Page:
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Tuesday, April 23, 2013

Big Landscapes & Intimate Details

The towering peaks and abstract close-ups of Colorado photographer Tad Bowman

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Colorado photographer Tad Bowman says he finds his state to be fascinating as a photographic subject for many reasons, including its expansive aspen forests, towering mountain peaks and famous seasonal changes in foliage. Above: "Sand Dunes Sunrise".

Originally from the Smoky Mountains area of Tennessee, Colorado photographer Tad Bowman thanks many long "adventures" as a boy hiking through the neighboring wilderness for fostering a love of nature, but it was a family trip to colorful Colorado that first inspired the landscape photographer's true passion: the towering and plentiful peaks of Colorado's mountainous terrain.

"It's the peaks, I mean, hands down!" the photographer laughs when asked what it is that attracts him so much to his home base. "I grew up in the South; I'm not used to seeing these majestic peaks. I came out here a few times with my family on summer vacations and seeing that was very impressionable. You just sit there and say, 'Wow! Those things are so tall and there are so many of them!'"

Final Resting Stop
Bowman finds such variation in the mountain peaks that he says he "still has yet to find monotony," and it's true. Despite being shot largely in Colorado and the American Southwest, his portfolio is an incredibly diverse collection of colorful landscapes and tightly composed detail shots of the surroundings. His work with the graphic elements of composition adds a whole other level to his imagery. He's exceptionally skilled at discovering the natural lines and patterns in nature, which helps not only to engage the eye of his viewer, but also to tie together his landscapes with compositional elements leading from the foreground, all the way back to the foreground. Shapes are often repeated, as well, and Bowman also will use contrasting natural elements and colors to nicely define the separation between foreground subject and background.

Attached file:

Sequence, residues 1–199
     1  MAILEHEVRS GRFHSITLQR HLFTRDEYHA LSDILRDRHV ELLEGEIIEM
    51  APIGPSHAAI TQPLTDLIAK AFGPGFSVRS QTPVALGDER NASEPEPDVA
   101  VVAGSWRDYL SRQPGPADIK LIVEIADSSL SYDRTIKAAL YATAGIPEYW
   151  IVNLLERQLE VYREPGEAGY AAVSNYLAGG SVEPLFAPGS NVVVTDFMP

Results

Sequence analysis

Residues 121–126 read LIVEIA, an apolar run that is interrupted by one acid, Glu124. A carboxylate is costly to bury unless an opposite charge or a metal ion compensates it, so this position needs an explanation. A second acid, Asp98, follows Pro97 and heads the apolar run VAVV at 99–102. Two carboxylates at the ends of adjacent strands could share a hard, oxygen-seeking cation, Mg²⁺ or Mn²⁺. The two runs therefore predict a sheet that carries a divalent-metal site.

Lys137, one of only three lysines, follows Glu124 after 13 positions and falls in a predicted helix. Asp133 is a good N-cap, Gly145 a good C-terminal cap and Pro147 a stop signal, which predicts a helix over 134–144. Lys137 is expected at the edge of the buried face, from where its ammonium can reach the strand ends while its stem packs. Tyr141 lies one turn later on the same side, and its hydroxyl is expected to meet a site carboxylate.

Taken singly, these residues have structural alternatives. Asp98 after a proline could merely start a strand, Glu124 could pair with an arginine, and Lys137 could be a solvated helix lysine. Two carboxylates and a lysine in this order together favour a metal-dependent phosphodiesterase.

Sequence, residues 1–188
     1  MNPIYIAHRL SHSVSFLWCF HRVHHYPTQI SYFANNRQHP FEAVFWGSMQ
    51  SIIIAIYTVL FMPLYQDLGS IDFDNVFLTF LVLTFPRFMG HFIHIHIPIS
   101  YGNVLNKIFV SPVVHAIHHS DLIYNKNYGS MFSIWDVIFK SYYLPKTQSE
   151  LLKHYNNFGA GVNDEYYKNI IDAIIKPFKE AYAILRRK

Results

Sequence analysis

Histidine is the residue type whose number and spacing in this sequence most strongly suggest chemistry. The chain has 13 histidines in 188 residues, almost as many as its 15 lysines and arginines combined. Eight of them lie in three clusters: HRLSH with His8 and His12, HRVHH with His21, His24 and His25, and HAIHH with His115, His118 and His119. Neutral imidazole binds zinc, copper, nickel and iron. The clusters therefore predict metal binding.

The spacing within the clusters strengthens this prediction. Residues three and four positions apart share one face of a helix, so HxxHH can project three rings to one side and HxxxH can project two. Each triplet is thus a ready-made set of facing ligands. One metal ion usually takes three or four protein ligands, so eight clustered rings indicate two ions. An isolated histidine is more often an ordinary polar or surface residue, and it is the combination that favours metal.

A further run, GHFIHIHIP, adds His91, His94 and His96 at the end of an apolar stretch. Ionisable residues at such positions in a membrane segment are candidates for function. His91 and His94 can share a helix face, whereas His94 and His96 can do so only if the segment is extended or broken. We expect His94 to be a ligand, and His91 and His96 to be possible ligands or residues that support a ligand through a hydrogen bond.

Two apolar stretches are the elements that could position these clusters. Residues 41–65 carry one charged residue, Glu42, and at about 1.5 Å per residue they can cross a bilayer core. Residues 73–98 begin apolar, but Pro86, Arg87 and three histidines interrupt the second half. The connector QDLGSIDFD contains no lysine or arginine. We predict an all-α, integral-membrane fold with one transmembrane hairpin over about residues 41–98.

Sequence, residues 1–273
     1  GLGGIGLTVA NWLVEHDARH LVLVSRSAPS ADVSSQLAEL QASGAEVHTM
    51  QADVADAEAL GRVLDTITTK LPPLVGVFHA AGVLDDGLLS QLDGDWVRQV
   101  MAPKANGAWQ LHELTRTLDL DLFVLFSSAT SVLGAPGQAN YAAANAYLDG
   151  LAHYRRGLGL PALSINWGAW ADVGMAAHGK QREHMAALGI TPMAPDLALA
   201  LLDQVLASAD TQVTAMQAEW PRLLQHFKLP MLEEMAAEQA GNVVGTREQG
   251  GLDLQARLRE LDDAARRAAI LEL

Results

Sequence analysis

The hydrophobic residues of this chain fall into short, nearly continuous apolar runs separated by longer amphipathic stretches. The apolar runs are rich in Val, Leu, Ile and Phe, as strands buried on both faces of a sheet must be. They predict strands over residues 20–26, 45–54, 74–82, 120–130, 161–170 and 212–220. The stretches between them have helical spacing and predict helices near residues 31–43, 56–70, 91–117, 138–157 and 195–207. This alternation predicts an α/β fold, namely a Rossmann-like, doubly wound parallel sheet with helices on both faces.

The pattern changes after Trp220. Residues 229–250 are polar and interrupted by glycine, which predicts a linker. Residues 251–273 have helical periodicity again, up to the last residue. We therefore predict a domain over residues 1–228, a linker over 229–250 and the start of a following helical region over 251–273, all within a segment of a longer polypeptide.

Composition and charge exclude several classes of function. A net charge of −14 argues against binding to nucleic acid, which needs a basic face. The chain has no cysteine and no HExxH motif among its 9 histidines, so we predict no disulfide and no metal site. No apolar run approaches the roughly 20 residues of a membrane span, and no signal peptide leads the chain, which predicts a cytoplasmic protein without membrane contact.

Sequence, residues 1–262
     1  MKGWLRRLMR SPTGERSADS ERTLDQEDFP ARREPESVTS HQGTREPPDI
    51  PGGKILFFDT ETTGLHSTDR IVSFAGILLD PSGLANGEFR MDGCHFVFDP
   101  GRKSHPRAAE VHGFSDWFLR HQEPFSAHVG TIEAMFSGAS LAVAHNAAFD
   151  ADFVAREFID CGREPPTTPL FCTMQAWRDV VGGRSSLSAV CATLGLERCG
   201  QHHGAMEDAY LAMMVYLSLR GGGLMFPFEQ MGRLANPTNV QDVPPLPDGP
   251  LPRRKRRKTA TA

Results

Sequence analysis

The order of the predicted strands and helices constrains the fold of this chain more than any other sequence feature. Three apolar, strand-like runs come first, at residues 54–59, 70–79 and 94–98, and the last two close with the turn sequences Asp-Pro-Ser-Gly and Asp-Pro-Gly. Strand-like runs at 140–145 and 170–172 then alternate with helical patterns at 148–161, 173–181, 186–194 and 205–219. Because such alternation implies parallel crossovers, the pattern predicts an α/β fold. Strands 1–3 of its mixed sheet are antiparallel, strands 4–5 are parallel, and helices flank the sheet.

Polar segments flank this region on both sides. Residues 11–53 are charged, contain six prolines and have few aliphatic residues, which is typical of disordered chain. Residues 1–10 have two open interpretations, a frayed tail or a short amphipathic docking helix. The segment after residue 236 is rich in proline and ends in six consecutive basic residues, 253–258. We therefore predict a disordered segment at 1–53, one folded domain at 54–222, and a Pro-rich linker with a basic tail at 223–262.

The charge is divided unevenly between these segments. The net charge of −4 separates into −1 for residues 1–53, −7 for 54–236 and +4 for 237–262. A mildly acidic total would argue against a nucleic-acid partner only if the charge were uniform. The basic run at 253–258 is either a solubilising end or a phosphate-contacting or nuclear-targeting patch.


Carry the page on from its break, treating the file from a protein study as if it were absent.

A shot titled "Sandstone Magic," for example, follows incredibly colorful rock striations as they weave through a variety of geometric shapes in both the background and foreground. The lines bring the different elements of the composition together while also leading the viewer's eye through the image.

"You see a shot in a magazine that you really like and you ask yourself, 'How did they do that?'" the self-taught photographer explains, pointing out that he matured the most as a photographer simply by going out and shooting and learning from the results. He says that, at this point, it's largely intuitive, but he admits that there was plenty of academic research in magazines and books when he was starting. He thanks his discovery of hyperfocal charts for cementing the concept of sharpness and diffraction for him, which is so important for gaining landscape shots that are sharp from foreground to background.

"What I try to do is convey a message," he says, "evoke an emotional response, and a lot of times you do that with various techniques. Do you create layers? Do you create lines? Do you create patterns? How do you capture someone's eye so that they start at one corner or the bottom of a photograph and weave it around to the very end? I think landscapes, in general, are fun to shoot, but sometimes you have to overcome the sensory appeal to get to the statement.


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